VirtualBox Issues

While I’m waiting to get my disk repaired, I’m trying to get Windows running again as a guest in the machine using VirtualBox. It was working fine until the disk disaster. I have a Windows installation on an SSD, in SATA port 2. But when I try to start the machine, it says no bootable source found. I’d like to tell it /dev/sdc, but there is no way to do so. The manual only talks about pointing to an img file on the host’s hard drive, but not about how to use a physical device (though one would think telling it port 2 would be adequate). This seems like a different procedure than it used to be, when I would have a configuration file telling it where the boot drive was. Has that changed?

[Thursday-afternoon update]

I’m still hoping that my drive will be restored, and that when it does, my virtual Windows installation will work as well, but I’m trying to figure out how to get Windows going in the meantime, because I need it to trade (I’m currently using Patricia’s computer, but she needs it, too). So I thought I’d just install a new machine. Problem is, I don’t have my product key, because it was also in a document on the lost drive. Even though I’ve restored from my notebook from October, and it should be there, I can’t find it. All of the advice I see on line to recover a key requires having the drive that Windows is installed on, so I’m out of luck for that. Do I have any alternative to purchasing another license?


15 thoughts on “VirtualBox Issues”

  1. This sounds like a pretty easy one to fix. You need to open up the settings for the virtual machine in question. For some reason, the installation has got confused as to where to find the virtual disk (in my case a .vdi file, but YMMV). You should go to the “Storage” part of the settings menu and look at the SATA controller settings. These aren’t “real” SATA ports, they are fake ones that virtualbox fools Win10 into thinking it has. In my case, I have 2 SATA ports, 0 and 1. For port 0, get it to point to your vdi file. You might want to check the SSD box (mine is on a hard drive). My port 1 is used for “inserting” pseudo CDs, like the guest additions iso file. You might also want to check the boot order in the System part of the menu, to make sure your “hard drive” (actually the vdi file) is listed. Once that’s done, and assuming the vdi file is OK, it should see the file and boot.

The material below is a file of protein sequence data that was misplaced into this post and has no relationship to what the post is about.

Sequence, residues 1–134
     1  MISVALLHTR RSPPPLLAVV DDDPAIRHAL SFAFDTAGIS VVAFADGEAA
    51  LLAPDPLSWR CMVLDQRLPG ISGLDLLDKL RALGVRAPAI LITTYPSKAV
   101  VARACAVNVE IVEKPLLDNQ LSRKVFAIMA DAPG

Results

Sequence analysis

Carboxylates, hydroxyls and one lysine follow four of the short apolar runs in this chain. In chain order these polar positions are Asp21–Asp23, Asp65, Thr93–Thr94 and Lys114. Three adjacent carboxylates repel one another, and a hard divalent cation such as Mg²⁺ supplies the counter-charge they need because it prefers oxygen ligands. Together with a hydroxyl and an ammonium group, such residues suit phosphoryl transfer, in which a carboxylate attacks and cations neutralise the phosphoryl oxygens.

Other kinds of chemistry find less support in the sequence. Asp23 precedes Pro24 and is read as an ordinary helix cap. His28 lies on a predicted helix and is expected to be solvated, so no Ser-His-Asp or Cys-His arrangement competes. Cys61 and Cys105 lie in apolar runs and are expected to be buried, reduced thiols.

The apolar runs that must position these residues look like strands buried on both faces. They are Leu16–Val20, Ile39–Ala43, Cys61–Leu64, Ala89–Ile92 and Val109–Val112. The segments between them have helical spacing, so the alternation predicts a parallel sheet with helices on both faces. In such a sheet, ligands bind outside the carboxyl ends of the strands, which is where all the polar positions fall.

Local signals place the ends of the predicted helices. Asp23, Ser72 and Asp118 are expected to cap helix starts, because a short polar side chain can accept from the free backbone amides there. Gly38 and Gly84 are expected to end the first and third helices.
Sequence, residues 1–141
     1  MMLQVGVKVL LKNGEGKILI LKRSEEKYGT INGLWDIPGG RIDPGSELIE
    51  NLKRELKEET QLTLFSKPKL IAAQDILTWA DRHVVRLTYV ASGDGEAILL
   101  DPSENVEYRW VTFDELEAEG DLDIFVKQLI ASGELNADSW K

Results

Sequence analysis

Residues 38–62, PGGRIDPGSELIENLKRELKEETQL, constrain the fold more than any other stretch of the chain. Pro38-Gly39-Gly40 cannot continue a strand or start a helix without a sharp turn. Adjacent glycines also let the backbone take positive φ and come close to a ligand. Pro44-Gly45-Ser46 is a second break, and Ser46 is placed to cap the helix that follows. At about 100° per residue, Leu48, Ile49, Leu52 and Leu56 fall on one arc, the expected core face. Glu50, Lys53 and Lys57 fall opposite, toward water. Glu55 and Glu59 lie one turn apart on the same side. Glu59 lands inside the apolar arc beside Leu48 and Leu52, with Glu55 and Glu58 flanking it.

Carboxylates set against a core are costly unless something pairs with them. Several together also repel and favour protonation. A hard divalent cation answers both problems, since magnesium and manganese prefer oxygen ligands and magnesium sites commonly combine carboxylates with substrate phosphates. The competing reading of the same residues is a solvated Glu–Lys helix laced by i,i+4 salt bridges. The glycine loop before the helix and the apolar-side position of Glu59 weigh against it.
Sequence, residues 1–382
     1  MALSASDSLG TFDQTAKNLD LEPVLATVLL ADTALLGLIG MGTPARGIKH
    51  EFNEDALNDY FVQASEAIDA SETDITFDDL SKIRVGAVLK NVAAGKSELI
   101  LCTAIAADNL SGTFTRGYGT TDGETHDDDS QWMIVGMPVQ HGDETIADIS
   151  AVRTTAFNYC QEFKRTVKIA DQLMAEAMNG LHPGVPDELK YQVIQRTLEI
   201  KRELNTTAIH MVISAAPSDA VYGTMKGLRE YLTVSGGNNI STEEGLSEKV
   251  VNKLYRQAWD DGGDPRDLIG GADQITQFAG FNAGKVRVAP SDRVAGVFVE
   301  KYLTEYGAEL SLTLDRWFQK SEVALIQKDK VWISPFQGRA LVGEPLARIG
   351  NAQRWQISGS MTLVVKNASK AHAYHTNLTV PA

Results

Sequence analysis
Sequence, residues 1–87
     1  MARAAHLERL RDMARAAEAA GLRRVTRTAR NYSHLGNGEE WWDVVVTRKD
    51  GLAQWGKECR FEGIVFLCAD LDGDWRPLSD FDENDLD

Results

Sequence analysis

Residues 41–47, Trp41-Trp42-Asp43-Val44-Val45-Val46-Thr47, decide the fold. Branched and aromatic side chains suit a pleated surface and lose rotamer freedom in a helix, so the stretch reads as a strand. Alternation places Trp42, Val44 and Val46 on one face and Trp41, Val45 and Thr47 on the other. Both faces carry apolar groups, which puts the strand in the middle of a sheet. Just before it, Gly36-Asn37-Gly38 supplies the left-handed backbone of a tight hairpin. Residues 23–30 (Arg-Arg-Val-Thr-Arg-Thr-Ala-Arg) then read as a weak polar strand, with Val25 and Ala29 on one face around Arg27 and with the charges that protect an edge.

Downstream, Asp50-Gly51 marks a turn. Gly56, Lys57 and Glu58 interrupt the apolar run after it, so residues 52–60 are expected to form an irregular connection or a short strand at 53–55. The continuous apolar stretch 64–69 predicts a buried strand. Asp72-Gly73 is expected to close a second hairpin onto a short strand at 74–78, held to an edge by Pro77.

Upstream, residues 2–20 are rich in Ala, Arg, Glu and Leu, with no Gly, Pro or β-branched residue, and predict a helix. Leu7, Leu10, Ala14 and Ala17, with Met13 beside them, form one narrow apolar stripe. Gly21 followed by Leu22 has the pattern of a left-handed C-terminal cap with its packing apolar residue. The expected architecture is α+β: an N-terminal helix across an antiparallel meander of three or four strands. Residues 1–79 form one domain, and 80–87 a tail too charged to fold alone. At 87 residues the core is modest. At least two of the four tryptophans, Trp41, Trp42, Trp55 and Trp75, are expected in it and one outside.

1. How does the .vdi file know where the SSD is? I’ve redone it as .vdi instead of .vmdk and port one is pointing to it, but when I try to start it, it brings up an “optical disk selector.” I’ve checked “SSD,” but when I start the machine, and go to select a disk, and point it to /dev/sdc, it won’t select it, but instead opens it up to boot, efi, sources, and support, while continuing to ask for a “virtual optical disk file.” When I select “boot,” it just opens another menu.

  2. When you say you have a Win10 installation, is it a real installation (accessible from grub), or is it a virtualbox Win10 installation? I did not think it possible to boot a “real” OS as that would screw up all of the virtual device drivers provided by virtualbox.

    So I’m assuming that the Win10 virtual machine is installed in a vdi (or equivalent) file. The machine “thinks” the file is in fact a partition that it controls, but it’s just a file in your Fedora machine. Where does the vdi file reside? If it was on the drive that got formatted, then unless the data recovery folks can get it back, you might have to kiss it goodbye. If however it is on your SSD and if you have mounted the SSD in Fedora, you just need to “add” a drive to your list of SATA ports in virtualbox (in my case pseudo port 0). Then tell virtualbox where the file is (there’s a browse box there for that purpose).